The Department of General Medicine deals with the prevention, diagnosis and treatment of diseases afflicting adults. Also, known as ‘internal medicine’ it requires skilled diagnosticians to identify what is ailing the patient. Our consultants have decades of collective experience diagnosing and treating innumerable conditions.
From diseases of civilisation such as hypertension to the waves of viral fevers that seasonally afflict our population to more dangerous conditions such as septic shock, our experts are trained to deal with every eventuality.
Fever, as we all know, is an increase in body temperature. This is temporary for the most part and is the sign of an illness of some sort. Fevers are typically the sign of the body fighting an infection so it is actually a good thing. It usually comprises sweating, shivering, headaches, body aches, appetite loss and general weakness.
For most people, a fever of up to 103 degrees Fahrenheit is not a cause for concern. In little children and infants however it could signal an infection which needs to be taken seriously. Most fevers go away on their own or with basic over-the-counter medication although it’s probably better to see a doctor for a prescription. If however the fever is over 101F or has lasted for more than 3 days, it is imperative you consult a doctor. Here at Sri Ramakrishna Hospital’s General Medicine Department, we specialise in the management and treatment of all fevers including viral fevers. In addition, our vast resources and the collaboration between departments will ensure that people suffering from fever due to other causes will also be treated with speed.
Make an appointment with one of our specialists if you’ve been suffering from a fever.
Our immune system protects us from many illnesses and infections.
However, on occasion, it may have adverse effects as well. Sometimes the immune system, while fighting an infection may, go into overdrive. This causes toxins to be released into the bloodstream causing inflammation across the body. This can lead to septic shock which can be a fatal condition and must be treated as a medical emergency. Some of the symptoms of sepsis include a fever over 101 F or temperature below 96.8 F, heart rate greater than 90 beats per minute, breathing rate more than 20 breaths per minute and infection.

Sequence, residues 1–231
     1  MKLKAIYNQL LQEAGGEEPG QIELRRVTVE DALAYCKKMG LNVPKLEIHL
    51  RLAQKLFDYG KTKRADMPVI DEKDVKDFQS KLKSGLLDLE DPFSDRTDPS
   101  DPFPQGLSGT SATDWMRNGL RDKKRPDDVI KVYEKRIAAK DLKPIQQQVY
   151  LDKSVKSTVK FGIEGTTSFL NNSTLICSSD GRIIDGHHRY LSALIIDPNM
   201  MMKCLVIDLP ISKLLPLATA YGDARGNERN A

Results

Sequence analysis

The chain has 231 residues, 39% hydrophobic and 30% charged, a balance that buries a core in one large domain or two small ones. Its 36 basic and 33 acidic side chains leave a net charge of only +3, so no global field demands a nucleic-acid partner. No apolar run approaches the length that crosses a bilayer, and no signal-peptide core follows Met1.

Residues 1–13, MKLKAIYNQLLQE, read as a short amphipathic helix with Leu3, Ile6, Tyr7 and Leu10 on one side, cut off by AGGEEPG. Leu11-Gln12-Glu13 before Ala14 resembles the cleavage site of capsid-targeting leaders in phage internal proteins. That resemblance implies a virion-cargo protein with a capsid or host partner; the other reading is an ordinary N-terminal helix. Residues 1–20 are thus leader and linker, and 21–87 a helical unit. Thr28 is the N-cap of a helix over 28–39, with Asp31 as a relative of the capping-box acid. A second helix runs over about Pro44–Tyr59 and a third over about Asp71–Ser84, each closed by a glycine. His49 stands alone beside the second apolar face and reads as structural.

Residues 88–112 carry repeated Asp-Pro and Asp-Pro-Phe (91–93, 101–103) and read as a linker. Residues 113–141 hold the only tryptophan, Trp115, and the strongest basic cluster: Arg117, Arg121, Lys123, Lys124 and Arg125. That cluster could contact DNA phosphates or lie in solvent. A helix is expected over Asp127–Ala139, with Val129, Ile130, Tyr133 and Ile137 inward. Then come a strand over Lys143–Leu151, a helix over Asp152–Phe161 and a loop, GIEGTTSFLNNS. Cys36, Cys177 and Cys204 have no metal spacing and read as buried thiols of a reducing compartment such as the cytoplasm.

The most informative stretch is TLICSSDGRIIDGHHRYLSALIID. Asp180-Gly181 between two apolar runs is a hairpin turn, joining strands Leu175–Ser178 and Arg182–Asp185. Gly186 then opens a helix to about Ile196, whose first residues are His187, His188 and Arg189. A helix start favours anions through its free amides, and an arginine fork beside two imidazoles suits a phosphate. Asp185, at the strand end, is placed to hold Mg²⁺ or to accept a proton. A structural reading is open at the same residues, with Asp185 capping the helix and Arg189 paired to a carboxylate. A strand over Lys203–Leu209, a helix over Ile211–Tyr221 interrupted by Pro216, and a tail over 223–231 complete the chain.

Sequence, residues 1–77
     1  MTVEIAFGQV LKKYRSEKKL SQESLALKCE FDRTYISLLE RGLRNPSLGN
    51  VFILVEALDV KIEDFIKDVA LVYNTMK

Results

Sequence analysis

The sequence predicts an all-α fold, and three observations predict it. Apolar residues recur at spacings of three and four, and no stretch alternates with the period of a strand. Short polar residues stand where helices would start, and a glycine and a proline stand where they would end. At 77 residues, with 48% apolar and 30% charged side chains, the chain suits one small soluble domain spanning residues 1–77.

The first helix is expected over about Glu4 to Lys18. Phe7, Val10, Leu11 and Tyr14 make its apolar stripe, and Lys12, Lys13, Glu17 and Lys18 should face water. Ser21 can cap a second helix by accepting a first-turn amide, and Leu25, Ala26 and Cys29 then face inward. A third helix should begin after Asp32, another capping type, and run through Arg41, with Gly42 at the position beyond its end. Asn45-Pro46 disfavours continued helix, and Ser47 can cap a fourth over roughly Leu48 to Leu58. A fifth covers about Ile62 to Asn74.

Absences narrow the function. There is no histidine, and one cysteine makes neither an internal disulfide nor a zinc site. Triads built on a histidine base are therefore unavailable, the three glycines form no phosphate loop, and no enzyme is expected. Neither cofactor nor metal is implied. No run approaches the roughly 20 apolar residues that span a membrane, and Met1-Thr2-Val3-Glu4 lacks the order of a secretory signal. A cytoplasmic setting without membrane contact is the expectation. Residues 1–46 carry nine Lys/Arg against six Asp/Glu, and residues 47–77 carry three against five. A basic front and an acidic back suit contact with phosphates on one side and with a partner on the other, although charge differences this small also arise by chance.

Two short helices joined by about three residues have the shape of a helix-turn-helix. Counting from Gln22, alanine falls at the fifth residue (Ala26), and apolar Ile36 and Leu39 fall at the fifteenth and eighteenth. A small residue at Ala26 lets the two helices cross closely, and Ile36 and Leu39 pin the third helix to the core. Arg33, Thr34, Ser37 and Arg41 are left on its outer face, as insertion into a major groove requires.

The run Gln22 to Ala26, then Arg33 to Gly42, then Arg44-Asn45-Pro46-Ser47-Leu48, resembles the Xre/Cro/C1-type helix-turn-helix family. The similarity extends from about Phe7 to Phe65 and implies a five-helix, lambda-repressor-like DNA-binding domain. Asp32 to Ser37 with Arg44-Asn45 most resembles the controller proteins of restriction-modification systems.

It takes two of these symptoms together for sepsis to be diagnosed. Organ failure can cause severe sepsis which is signaled by discoloured skin, lower urine output, changes in mental ability, breathing trouble and a host of other symptoms. This, in addition to low blood pressure is a sign of septic shock. Septic shock has a mortality rate of nearly 50% so it is imperative the patient receive medical attention immediately.
Here at Sri Ramakrishna Hospital we are prepared for every eventuality and our consultants in the General Medicine Department are experts in the management and treatment of sepsis and septic shock.
Hypertension or high blood pressure is generally considered to be a disease of civilisation. It is widespread and growing to a point where it is estimated there will be more than 1.5 billion people living with it by the year 2025.
High blood pressure means increased pressure on the artery walls which leads to a host of long-term health complications. If uncontrolled, it dramatically increases the risk of heart attack and stroke. Risk factors are numerous and range from age to race to family history to obesity and so on. Symptoms are few if any and it develops over the course of years so it is essential that you have regular checkups to ensure you get the right treatment if you have it.
If detected early, it can be controlled through medication and lifestyle changes. Consultants at the Department of General Medicine work with patients to help them manage hypertension over the long run and lead normal, healthy lives.